For thousands of years, people have meditated to achieve a more mindful state. Lately, mindfulness has become somewhat of a buzzword, with apps like Headspace and Calm cropping up and making mindfulness seem more achievable than ever before. Mindfulness is key to emotional intelligence as it increases your awareness and enables you to be more compassionate towards the people around you. In addition to helping your EQ, meditation can also increase your IQ. Long-term mindfulness meditation improves executive functioning and can even increase your attention span. Additionally, a recent study found that brief meditation, which could consist of just 20 minutes per day for four days, significantly improved sustained attention and executive processing efficiency. The psychologists who conducted this study attribute the increased cognitive abilities to the reduced ratings of fatigue and anxiety, which negatively affect information processing. So, by meditating for just 20 minutes a day, you not only become more mindful and rested but smarter and more focused.


4. Solve puzzles.

You might be scarred for life by countless weekends you spent being forced to solve puzzles with your grandparents. But actually, those long TV-less days might actually have benefited you in the long run. Solving puzzles, whether doing jigsaw puzzles on your kitchen table or sudoku on your iPhone, can help with memory, problem solving reasoning, and even language skills. A fun suggestion while you’re practicing social distancing – consider working on that 1000 piece puzzle or invite your friends to play a virtual game of Sudoku. That way, you’ll get to work on your interpersonal skills as well as boost your IQ.


5. Get a full night’s sleep.

It might seem counterintuitive to sleep instead of using those precious to study for an exam. However, getting a full night’s sleep will likely help you do better on that test than cramming ever could. According to a Time Magazine article, teenagers who receive A’s average about 15 minutes more sleep than B students, who receive 15 more minutes of sleep than C students. Even more shocking perhaps is that Avi Sadeh, director of the Laboratory for Children’s Sleep-Wake Disorders, has found that “a loss of one hour of sleep is equivalent to [the loss of] two years of cognitive maturation and development.” With that in mind, the decision should be easy: sleep more if you want a higher IQ and better academic performance. If you need more convincing, think about how much better your EQ would be if you had a full night’s sleep every night. You’d be less cranky, irritable, and fatigued, and probably bring a more empathetic energy to all of your relationships.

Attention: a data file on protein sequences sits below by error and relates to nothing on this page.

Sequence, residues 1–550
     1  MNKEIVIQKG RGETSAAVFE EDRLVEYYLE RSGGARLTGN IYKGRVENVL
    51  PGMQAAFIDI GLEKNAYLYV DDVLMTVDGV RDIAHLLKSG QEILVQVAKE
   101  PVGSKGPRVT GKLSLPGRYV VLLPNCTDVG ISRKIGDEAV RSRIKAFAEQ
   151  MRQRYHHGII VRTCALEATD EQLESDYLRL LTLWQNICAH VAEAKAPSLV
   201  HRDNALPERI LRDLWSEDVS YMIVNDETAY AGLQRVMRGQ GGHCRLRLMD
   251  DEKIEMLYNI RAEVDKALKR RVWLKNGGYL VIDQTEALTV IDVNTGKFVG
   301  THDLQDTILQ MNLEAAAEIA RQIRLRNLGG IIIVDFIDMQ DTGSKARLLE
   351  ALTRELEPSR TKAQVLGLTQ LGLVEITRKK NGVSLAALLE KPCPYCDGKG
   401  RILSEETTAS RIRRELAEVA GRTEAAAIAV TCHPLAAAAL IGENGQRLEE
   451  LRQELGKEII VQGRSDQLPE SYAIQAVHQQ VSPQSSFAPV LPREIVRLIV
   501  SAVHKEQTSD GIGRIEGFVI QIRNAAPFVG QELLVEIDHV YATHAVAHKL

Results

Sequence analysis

Notice that “locking yourself away with text books 24/7” didn’t make the list. While that might increase your knowledge, it won’t necessarily increase your cognitive capabilities. Increasing your IQ requires long term intellectual training, which the activities mentioned above can help you do.

As a student, it’s important to remember that IQ and the other numbers that reflect your intelligence, like your GPA or SAT score, are not always perfectly aligned. Someone with an average IQ but a great work ethic might be valedictorian, while someone with a high IQ and a bad habit of laziness could end up at the bottom of the class. The combination of all factors, such as one’s IQ, EQ, and determination, make up the qualities of highly successful people.